You may have noted that in the last two paragraphs I have made a point of referring to physical pain and have not just said pain. The reason for this is that people with FM also suffer a great deal of emotional pain as well. Even more than the physical pain this is what we often try to hide and are far more reluctant to discuss. Part of the reluctance comes from male pride, part comes from not wanting to make things even more difficult for the people who love us, and part comes from how FM is viewed by far too many and how that point of view causes others to treat us.
For those who are unaware of it far too many people, including many in the health care field, regard FM as a mental disease. To be blunt they think that anyone who claims to have FM is faking it, that it is not a ‘real’ disease, and that the person who claims to have it is mentally ill. These people dismiss our pain as ‘all in our heads’ and, when it comes to the doctors who have this opinion, all that they are willing to do is maybe prescribe some form of antidepressant and refer us to a psychiatrist. Almost all of us with FM have unfortunately been in an examination room with one of these doctors. Added to that are those friends and family members who treat us that same way and tell us that we are lazy, seeking attention and says things like ‘if you would just man up, stop whining, and forget your pain you would be all right’.
Surrounded by this much negativity, experiencing constant pain, and watching this disease slowly take away the life that we knew it becomes very difficult for a person with FM to avoid becoming bitter, angry, and depressed. Since FM is not something that can be detected by any medical test and with so many doubters around us and in society in general, doubt also creeps into our own heads. We begin to think negative thoughts about ourselves as the FM takes away the lives that we had piece by piece even as we fight to try to hold on to it. Maybe we are crazy, lazy, or just whiny complainers who just need to man up but the more that we tell ourselves that if we decide not to allow the FM to take anything more from us, the more that it does take. It becomes very easy to allow the negative thoughts to dominate your thinking at this point, to give in to the depression. Medical studies have shown that the rate of depression amongst those with FM is four times higher than it is in the general population. That, combined with the effect that antidepressants have on the pain center of the brain has caused many doctors to make the mistake of thinking that FM is caused by depression. The truth of this is that you cannot be in pain 24/7 and not get depressed but the FM causes the depression NOT the other way around!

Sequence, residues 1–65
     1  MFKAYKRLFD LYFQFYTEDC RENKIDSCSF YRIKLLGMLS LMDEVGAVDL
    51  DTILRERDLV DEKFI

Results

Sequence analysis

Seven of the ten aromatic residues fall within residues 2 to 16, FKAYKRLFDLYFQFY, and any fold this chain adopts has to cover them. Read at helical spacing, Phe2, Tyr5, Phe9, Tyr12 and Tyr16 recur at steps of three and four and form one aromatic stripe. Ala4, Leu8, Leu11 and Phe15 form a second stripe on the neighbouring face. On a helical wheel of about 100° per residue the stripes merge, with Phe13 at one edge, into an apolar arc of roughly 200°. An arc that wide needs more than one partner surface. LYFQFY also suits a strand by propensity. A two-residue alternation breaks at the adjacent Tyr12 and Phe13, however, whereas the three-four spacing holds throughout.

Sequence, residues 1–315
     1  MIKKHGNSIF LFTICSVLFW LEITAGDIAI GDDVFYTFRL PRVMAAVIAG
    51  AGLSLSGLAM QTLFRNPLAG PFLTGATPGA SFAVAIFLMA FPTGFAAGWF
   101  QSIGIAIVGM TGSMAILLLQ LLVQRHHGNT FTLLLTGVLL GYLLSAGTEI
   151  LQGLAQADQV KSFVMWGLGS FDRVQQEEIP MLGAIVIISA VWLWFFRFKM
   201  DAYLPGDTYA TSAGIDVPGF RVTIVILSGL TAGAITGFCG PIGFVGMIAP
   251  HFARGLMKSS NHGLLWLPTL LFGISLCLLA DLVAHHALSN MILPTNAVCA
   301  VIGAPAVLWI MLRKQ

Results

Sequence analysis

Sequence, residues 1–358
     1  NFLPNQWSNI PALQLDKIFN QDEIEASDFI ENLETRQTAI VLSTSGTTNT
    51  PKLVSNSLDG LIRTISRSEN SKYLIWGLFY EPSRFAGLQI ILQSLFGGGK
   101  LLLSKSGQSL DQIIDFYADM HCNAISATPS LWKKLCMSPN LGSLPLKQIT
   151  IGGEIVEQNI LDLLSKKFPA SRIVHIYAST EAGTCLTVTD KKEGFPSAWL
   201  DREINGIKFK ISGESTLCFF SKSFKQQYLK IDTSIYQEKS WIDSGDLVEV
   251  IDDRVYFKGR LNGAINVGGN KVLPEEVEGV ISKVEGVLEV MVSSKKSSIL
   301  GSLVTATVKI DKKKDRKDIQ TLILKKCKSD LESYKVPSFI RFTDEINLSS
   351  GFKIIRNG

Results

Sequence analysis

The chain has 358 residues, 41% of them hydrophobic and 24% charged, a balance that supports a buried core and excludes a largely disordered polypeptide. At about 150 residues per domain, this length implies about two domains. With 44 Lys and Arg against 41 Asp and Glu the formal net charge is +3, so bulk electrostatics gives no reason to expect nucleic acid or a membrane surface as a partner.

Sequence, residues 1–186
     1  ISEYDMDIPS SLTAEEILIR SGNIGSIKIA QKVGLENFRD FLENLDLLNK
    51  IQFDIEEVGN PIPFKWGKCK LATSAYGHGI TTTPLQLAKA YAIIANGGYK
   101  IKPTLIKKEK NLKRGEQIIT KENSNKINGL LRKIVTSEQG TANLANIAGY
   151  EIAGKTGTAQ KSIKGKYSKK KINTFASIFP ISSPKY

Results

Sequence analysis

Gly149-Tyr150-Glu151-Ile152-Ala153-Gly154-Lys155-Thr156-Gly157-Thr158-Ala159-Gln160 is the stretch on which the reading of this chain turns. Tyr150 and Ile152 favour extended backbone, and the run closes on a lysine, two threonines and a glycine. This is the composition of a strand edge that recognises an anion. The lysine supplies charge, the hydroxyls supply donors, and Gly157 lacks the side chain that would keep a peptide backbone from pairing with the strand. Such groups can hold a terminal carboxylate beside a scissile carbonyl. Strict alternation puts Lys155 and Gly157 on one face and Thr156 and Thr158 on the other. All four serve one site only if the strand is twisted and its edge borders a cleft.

Dealing with the physical and emotional pain is made far more difficult for many of us by the fatigue that comes with having FM. The three most common symptoms of FM are chronic widespread pain, chronic fatigue, and sleep disturbance. Because of what goes on in our brains we do not go into the deepest level of sleep – the stage where the body and mind heal themselves – and as a result we suffer more because our physical problems take longer to heal. Adding to the problem is that without this healing sleep our brains also do not heal, the result being a state that those with FM refer to as the ‘fibrofog’.
Fibrofog is the term used to describe the problems that doctors call ‘cognitive impairment’. What this means is that we have trouble thinking, focusing, and concentrating. We have trouble remembering things, following conversations, doing even simple mental tasks, and anything else that requires mental focus and concentration. When the fog is particularly severe our physical pain is also amplified because we lack the concentration required to be able to ignore it.